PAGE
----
Magick with Images

Mr. Whitehouse gives us an introduction to a free software package for manipulating images—ImageMagick.
Programming with ImageMagick

While there are many packages available with some or all of the functions listed above, the real strength of ImageMagick lies in the ability to write programs using its library functions.

Included in the distribution is a simple program to demonstrate how to write your own image manipulation programs. It loads an image in JPEG format and creates a thumbnail in GIF format. I have changed the program slightly from its form in the distribution and presented it below. The thumbnail version will look something like the original image in Figure 1.

The C API to the ImageMagick library is documented through a set of web pages, which are also included in the distribution.

To compile the example code in Listing 1, you will need to give a command such as:

gcc -o example example.c -lMagick\
        -lX11 -lXext -ltiff -lpng\<\n>
        -I/usr/include/X11/magick -L/usr/X11/lib

The exact number of libraries required and the location of the libraries and include files will depend on the configuration of your system. The example given here works on my Red Hat 4.2 system installed from the RPM ImageMagick distribution.

To use the program, create a file called image.jpg and run the program in the same directory. The result will be a thumbnail-sized version of the original image called image.gif.

Using the included documentation, it is easy to see how this example can be extended and modified to form the basis of a wide variety of different functions. The same calls may also be made from Perl using the PerlMagick interface. Since I am not a Perl programmer, I have not investigated this interface.


ImageMagick is a complex package to use to its full potential; it is also very powerful. It offers a wealth of features in a flexible manner. It is easy to use the basic features without worrying about the more esoteric options available. I suspect that many people will use the basic options combined with only one or two of the more advanced options according to their application.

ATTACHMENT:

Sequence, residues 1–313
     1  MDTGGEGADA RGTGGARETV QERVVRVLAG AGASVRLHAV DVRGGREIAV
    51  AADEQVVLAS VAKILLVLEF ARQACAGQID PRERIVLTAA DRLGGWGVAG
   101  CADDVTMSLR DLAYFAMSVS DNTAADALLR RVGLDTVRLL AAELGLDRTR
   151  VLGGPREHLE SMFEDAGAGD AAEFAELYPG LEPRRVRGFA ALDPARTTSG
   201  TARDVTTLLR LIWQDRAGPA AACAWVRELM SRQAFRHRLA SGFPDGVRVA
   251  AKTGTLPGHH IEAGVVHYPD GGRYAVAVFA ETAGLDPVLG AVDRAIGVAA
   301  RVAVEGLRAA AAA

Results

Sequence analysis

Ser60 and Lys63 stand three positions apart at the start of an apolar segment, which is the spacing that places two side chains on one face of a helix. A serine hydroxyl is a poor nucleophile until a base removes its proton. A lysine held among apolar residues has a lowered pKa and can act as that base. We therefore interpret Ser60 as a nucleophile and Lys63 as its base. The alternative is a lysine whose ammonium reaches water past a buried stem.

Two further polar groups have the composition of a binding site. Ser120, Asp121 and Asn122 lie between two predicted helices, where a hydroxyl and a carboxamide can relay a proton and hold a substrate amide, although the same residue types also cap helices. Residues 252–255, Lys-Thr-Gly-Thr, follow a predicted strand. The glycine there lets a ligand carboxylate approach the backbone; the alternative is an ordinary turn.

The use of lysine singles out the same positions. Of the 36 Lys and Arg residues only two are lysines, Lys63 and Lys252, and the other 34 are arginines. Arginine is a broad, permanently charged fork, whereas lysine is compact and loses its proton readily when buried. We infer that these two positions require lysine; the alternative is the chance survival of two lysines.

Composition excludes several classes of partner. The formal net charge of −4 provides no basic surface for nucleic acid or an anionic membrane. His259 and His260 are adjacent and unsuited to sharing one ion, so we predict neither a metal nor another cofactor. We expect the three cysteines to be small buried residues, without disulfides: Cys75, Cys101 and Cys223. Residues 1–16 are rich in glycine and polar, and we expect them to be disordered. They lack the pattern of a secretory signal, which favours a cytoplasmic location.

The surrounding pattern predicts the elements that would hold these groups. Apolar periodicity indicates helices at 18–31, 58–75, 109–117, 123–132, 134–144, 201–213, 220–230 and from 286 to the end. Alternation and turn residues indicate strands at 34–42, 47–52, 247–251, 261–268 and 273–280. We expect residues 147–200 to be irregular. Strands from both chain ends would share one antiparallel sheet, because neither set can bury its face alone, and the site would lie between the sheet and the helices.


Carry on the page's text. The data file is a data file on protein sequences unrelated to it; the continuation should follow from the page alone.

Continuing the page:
I consider ImageMagick a package well worth investigating for anyone needing anything from a basic image viewer to a full-fledged custom image manipulation system.

Pictures of Alan Cox are courtesy of Justin Mitchell and the ray-traced background image in Figure 1 was produced by David Beynon.

Image File Formats

Getting ImageMagick

Steve Whitehouse was first introduced to Linux, by the Computer Society at the University of Wales, Swansea, while studying for a degree in Electronic Engineering. Having gained his degree, he is now continuing his studies at Cambridge University by researching “Error Resilient Image Compression” and is sponsored by Racal Radio Ltd. If you want to contact him about the article or his research topic, his e-mail address is


White Paper
Linux Management with Red Hat Satellite: Measuring Business Impact and ROI

Linux has become a key foundation for supporting today's rapidly growing IT environments. Linux is being used to deploy business applications and databases, trading on its reputation as a low-cost operating environment. For many IT organizations, Linux is a mainstay for deploying Web servers and has evolved from handling basic file, print, and utility workloads to running mission-critical applications and databases, physically, virtually, and in the cloud. As Linux grows in importance in terms of value to the business, managing Linux environments to high standards of service quality — availability, security, and performance — becomes an essential requirement for business success.

Learn More

Sponsored by Red Hat

White Paper
Private PaaS for the Agile Enterprise

If you already use virtualized infrastructure, you are well on your way to leveraging the power of the cloud. Virtualization offers the promise of limitless resources, but how do you manage that scalability when your DevOps team doesn’t scale? In today’s hypercompetitive markets, fast results can make a difference between leading the pack vs. obsolescence. Organizations need more benefits from cloud computing than just raw resources. They need agility, flexibility, convenience, ROI, and control.

Stackato private Platform-as-a-Service technology from ActiveState extends your private cloud infrastructure by creating a private PaaS to provide on-demand availability, flexibility, control, and ultimately, faster time-to-market for your enterprise.

Learn More

Sponsored by ActiveState